an opportunities to utilise the training facilities set up for the Wylfa Newydd

Nuclear power station. These facilities are geographically close to each site.

The risk of not doing this would be to rely on the large scale projects to

provide power to the UK on base load and having to rely on other less reliable

sources of power such as wind. SMR’s would complement and provide the UK

with another diverse source of energy and if constructed across the country

would help maintain grid stability and balance.


7. Initial studies have indicated that the Trawsfynydd site is capable of

supporting an SMR with an output estimated at 720 MWe compared to the

Magnox reactor on the site which had an output of 480 MWe with no significant

modification to the existing infrastructure. It is estimated that an SMR has a

forty to fifty year lifecycle with potential for going beyond that. One benefit of

that would be stability in the local economy.


What is the scale of the global market opportunities for SMR’s? What

would the cost be if the UK does not take full advantage of the

opportunities of SMR’s?


8. If a UK designed and built SMR’s were chosen, then it would prove to be a

unique opportunity and boost for the long-term future for the nuclear industry.

Post Brexit, where we have to rely on exporting our products globally it would

put the country back on the industrial map. The demand for a proven, reliable

and affordable SMR is the key to the export market. Do not consider SMR’s just

for power generation for domestic and industrial use, they can also be utilised on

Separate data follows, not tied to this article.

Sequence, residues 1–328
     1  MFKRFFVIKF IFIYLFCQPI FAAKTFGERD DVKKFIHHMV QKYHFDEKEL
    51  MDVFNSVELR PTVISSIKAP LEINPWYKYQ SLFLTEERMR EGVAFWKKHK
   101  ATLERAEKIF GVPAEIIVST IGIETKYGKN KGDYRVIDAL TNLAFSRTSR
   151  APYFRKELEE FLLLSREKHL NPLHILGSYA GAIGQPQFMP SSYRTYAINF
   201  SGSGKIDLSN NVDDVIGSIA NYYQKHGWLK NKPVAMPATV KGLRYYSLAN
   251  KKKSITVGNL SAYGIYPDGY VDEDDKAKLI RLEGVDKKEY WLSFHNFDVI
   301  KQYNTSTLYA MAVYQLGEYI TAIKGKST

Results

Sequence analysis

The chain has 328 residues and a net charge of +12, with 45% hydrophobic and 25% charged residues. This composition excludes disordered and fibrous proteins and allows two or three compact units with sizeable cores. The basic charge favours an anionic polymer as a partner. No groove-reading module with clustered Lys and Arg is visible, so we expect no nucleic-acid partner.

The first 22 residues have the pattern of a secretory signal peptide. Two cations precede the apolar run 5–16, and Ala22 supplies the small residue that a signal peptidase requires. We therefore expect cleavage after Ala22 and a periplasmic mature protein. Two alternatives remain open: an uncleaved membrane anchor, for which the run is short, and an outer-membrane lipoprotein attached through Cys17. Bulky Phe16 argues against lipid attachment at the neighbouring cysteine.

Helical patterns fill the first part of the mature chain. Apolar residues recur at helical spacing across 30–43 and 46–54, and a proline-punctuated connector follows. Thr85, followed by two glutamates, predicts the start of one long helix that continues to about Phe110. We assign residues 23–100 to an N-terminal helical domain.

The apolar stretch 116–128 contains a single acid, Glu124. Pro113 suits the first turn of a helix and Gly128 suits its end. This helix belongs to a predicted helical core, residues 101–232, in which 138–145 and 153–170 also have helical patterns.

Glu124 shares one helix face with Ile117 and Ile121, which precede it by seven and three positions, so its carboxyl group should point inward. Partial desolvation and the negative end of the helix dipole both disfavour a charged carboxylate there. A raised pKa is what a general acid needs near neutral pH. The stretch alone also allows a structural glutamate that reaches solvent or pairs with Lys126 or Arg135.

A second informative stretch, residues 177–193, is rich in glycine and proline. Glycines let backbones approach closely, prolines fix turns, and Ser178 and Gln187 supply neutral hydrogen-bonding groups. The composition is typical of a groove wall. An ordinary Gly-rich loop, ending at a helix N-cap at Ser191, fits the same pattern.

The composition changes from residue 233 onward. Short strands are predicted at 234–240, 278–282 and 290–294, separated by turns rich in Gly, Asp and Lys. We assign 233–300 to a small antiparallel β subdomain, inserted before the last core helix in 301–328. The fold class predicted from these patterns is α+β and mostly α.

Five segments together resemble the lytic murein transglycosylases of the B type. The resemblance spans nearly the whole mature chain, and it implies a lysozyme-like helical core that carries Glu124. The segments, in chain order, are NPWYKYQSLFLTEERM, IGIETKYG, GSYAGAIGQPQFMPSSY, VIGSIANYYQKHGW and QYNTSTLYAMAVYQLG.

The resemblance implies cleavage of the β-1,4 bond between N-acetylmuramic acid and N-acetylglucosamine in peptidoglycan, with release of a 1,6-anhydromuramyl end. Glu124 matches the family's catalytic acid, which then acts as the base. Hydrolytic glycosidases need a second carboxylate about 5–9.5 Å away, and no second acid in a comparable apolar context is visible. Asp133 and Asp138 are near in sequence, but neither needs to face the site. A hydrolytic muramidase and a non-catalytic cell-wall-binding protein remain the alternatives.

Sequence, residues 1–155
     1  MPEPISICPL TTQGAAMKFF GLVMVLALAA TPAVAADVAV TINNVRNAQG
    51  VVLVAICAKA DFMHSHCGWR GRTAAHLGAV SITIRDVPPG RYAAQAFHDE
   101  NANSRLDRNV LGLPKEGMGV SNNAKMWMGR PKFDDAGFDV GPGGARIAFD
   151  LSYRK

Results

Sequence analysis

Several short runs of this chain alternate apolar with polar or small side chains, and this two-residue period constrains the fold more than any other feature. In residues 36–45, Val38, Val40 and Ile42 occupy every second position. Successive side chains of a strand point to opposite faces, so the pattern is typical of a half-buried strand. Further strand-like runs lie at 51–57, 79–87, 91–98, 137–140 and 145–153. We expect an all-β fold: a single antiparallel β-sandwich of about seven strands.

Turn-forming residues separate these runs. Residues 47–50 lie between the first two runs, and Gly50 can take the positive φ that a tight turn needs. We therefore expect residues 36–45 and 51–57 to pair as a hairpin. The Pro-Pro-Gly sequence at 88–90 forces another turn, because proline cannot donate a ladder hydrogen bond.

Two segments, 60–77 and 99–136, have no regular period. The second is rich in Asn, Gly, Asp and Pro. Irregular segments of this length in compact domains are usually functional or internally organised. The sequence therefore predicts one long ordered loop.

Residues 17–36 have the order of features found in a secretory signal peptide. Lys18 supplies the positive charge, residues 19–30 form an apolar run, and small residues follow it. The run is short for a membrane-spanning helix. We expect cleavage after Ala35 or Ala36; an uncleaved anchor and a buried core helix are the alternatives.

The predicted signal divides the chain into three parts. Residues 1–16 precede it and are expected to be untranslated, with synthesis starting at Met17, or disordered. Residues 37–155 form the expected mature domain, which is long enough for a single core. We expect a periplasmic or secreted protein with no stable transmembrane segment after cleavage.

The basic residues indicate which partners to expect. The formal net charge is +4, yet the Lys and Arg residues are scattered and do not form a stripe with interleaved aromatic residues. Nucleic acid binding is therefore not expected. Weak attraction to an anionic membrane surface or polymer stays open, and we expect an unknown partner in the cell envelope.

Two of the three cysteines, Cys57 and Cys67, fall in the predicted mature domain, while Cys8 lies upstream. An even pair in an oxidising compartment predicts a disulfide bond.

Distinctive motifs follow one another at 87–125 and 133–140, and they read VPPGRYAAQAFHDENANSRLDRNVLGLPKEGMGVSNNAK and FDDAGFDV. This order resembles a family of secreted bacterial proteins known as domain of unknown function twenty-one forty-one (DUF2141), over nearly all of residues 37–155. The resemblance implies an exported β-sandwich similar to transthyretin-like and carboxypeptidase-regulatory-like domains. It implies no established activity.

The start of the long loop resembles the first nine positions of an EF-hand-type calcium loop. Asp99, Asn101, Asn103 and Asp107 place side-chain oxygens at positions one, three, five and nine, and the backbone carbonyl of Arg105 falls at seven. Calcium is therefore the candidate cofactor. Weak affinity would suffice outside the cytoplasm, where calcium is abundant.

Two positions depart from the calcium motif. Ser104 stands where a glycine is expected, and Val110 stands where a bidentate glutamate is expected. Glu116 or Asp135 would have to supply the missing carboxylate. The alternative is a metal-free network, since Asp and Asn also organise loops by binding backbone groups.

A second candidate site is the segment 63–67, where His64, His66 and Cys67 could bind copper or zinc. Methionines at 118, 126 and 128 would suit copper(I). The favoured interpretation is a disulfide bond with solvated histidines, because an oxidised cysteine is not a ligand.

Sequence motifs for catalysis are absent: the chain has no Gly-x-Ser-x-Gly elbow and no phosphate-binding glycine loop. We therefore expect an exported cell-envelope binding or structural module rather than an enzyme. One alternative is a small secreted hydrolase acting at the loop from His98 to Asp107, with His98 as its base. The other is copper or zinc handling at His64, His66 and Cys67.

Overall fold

desalination plants across the globe.


9. Globally there is a lot of interest in SMR’s as they can be constructed with a

short lead time where the majority of the work is carried out in a controlled

environment in a factory. They require less up-front capital investment therefore

making them more affordable compared to the larger reactors which have to be

constructed on site. This makes them affordable to utility companies where a

return on investment is key to any strategic infrastructure investment.


10. The cost to the UK in not being involved in an SMR programme are huge in

terms of the impact on industry and more importantly the skills required to

manufacture them would be lost. It is not just a case of building one or two but

an opportunity to have a solid long term secure manufacturing base in terms of

capability and the expertise needed to build them. Confidence in UK

manufacturing and the belief in the capability of the workforce would become

part of the way back into a manufacturing rather than a service-based economy.




11. The UK must consider Small Modular Reactor for the UK and as an

exporting opportunity for the UK to grow and develop in a competitive

global market. It would be a unique opportunity to have a large section

of the workforce trained and skilled in a complex manufacturing process

which would then have the confidence and ability to take on other

opportunities which may arise in the future.


12. There is an opportunity to have, Trawsfynydd site in North Wales,

designated as the first UK site to have an SMR. As I keep saying “If you can

build one at the Trawsfynydd site, you can build them anywhere”


February 2023